This more than doubles the startup's total raised, and a spokesperson says it will be used to accelerate Sight's operations globally -- with a focus on the U.S. -- as Sight advances R&D for the detection of conditions like sepsis and cancer, as well as factors affecting COVID-19. Blood tests are generally unpleasant -- not to mention costly. On average, getting blood work done at a lab costs uninsured patients between $100 and $1,500. In the developing world, where the requisite equipment isn't always readily available, ancillary costs threaten to drive the price substantially higher. That's why Yossi Pollak, previously at Intel subsidiary Mobileye, and Daniel Levner, a former scientist at Harvard's Wyss Institute for Biologically Inspired Engineering, founded Sight Diagnostics in 2011.
CAMBRIDGE – COVID-19 has become a severe stress test for countries around the world. From supply-chain management and health-care capacity to regulatory reform and economic stimulus, the pandemic has mercilessly punished governments that did not – or could not – adapt quickly. From Latin America's lost decade in the 1980s to the more recent Greek crisis, there are plenty of painful reminders of what happens when countries cannot service their debts. A global debt crisis today would likely push millions of people into unemployment and fuel instability and violence around the world. The virus has also pulled back the curtain on one of this century's most important contests: the rivalry between the United States and China for supremacy in artificial intelligence (AI).
The world needs robots that make life better, not just ones that put people out of work. But business attitudes, government policy, and scientific priorities are geared toward replacing workers rather than complementing and enhancing their skills. That's the bottom line of a report by a task force at MIT that was released today. "It's super easy to make a business case for reducing head count. You can always light up a boardroom" by promising to replace people with robots, says David Autor, an MIT economist and co-chair of the task force, who gave an interview about the report.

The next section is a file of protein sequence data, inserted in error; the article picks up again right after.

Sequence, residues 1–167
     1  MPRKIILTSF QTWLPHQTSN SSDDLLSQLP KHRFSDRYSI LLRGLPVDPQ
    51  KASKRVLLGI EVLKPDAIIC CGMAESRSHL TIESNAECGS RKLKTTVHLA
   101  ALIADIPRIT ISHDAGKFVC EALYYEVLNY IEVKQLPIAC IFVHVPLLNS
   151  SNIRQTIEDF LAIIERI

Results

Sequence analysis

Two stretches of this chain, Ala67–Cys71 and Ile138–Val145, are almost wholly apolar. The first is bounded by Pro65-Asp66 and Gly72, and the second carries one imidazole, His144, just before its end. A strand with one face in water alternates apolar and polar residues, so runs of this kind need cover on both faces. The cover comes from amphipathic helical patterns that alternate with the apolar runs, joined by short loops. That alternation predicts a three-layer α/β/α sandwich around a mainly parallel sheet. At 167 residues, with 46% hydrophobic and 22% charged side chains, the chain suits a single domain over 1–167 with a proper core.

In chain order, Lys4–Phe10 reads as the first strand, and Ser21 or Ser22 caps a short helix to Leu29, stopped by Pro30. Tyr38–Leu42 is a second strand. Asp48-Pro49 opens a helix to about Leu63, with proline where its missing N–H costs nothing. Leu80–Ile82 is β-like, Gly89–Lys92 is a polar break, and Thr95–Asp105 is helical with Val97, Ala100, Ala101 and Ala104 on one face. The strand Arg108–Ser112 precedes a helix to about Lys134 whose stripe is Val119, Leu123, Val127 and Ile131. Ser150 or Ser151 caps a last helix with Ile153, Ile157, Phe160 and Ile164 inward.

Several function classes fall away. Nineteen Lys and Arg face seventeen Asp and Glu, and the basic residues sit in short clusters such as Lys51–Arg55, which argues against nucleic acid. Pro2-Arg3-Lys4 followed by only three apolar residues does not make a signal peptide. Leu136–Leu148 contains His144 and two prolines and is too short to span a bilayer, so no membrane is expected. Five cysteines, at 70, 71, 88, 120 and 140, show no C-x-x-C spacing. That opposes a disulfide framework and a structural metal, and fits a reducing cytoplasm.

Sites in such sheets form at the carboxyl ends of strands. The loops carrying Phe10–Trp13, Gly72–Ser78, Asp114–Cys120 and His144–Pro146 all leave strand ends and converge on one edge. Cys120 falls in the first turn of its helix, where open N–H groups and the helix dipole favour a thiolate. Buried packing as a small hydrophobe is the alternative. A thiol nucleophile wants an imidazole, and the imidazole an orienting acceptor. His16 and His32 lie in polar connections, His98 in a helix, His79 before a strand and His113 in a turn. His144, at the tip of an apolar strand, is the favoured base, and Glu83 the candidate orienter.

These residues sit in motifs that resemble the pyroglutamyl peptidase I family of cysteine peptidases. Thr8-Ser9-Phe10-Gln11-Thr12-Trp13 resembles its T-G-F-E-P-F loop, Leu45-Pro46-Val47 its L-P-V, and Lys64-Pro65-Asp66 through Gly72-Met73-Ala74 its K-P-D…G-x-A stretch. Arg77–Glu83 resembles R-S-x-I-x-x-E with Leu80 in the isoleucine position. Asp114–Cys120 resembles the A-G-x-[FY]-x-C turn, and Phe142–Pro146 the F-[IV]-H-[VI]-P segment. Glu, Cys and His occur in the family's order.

Every time Congress holds a hearing about Silicon Valley companies, people mock the legislators for being out of their depth. Last week's effort by the antitrust subcommittee of the House Judiciary Committee was no exception. "The technological ignorance demonstrated by our elected officials ... was truly stunning," Shelly Palmer, CEO at the Palmer Group, a tech strategy advisory group, told USA Today. "People who are this clueless about the economic forces shaping our world should not be tasked with leading us into the age of AI," he said. "The data elite are playing a different game with a different set of rules. Apparently, Congress can't even find the ballpark."
We live in a world where we are constantly in contact with Artificial Intelligence, perhaps without even being aware. We live in a world where we are constantly in contact with Artificial Intelligence, perhaps without even being aware. It may not seem that way due to the stigma that Hollywood has put into our mind about what exactly Artificial Intelligence is (killer robots, omniscient software, etc.) but it's really a lot simpler than that. John McCarthy (2007) defined Artificial Intelligence as the science and engineering of making intelligent [having the computational ability to achieve goals in the world] machines. Right now, the main way in which these machines "learn" is through rote learning (trail and error) and drawing inferences. It is widely believed that "AI [artificial intelligence] will drive the human race" (Prime Minister Navendra Modi) and there is not true evidence for or against the contrary, but it is widely accepted that A.I. does and will have a extreme influence on day to day life.
Discussions about the application of artificial intelligence (AI) in healthcare often span multiple areas, most commonly about making more accurate diagnoses, identifying at-risk populations, and better understanding how individual patients will respond to medicines and treatment protocols. To date, there has been relatively little discussion about practical applications of AI to improve medication management across the care continuum, an area this article will address. What's the first thing that comes to mind when someone mentions prescription drugs in the United States? In poll after poll, the high and rising costs of medications are American voters' top healthcare-related issue. This concern is well founded.